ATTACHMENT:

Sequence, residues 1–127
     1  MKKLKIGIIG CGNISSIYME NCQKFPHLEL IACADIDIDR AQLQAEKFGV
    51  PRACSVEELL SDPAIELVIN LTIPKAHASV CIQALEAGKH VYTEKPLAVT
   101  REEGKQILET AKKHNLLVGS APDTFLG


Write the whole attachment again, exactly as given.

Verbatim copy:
Sequence, residues 1–127
     1  MKKLKIGIIG CGNISSIYME NCQKFPHLEL IACADIDIDR AQLQAEKFGV
    51  PRACSVEELL SDPAIELVIN LTIPKAHASV CIQALEAGKH VYTEKPLAVT
   101  REEGKQILET AKKHNLLVGS APDTFLG